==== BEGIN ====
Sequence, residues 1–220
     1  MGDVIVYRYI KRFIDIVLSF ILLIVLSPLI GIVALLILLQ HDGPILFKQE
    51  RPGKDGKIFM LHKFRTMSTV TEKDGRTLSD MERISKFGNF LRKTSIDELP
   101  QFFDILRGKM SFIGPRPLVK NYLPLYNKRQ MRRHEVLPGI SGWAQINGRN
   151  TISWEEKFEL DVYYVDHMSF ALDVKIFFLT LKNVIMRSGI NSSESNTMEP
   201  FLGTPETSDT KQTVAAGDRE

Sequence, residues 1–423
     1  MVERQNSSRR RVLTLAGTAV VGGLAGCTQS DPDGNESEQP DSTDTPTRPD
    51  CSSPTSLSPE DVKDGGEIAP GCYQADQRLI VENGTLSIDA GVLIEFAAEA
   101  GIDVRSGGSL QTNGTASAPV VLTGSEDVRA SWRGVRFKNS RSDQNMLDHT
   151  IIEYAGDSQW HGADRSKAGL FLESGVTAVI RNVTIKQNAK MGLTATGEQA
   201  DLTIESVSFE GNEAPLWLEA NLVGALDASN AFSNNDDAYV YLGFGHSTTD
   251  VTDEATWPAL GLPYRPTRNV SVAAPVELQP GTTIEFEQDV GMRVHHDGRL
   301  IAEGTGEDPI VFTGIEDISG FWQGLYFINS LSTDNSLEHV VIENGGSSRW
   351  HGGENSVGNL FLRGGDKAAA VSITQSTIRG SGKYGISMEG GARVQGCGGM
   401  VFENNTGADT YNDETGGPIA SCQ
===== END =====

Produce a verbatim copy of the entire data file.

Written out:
Sequence, residues 1–220
     1  MGDVIVYRYI KRFIDIVLSF ILLIVLSPLI GIVALLILLQ HDGPILFKQE
    51  RPGKDGKIFM LHKFRTMSTV TEKDGRTLSD MERISKFGNF LRKTSIDELP
   101  QFFDILRGKM SFIGPRPLVK NYLPLYNKRQ MRRHEVLPGI SGWAQINGRN
   151  TISWEEKFEL DVYYVDHMSF ALDVKIFFLT LKNVIMRSGI NSSESNTMEP
   201  FLGTPETSDT KQTVAAGDRE

Sequence, residues 1–423
     1  MVERQNSSRR RVLTLAGTAV VGGLAGCTQS DPDGNESEQP DSTDTPTRPD
    51  CSSPTSLSPE DVKDGGEIAP GCYQADQRLI VENGTLSIDA GVLIEFAAEA
   101  GIDVRSGGSL QTNGTASAPV VLTGSEDVRA SWRGVRFKNS RSDQNMLDHT
   151  IIEYAGDSQW HGADRSKAGL FLESGVTAVI RNVTIKQNAK MGLTATGEQA
   201  DLTIESVSFE GNEAPLWLEA NLVGALDASN AFSNNDDAYV YLGFGHSTTD
   251  VTDEATWPAL GLPYRPTRNV SVAAPVELQP GTTIEFEQDV GMRVHHDGRL
   301  IAEGTGEDPI VFTGIEDISG FWQGLYFINS LSTDNSLEHV VIENGGSSRW
   351  HGGENSVGNL FLRGGDKAAA VSITQSTIRG SGKYGISMEG GARVQGCGGM
   401  VFENNTGADT YNDETGGPIA SCQ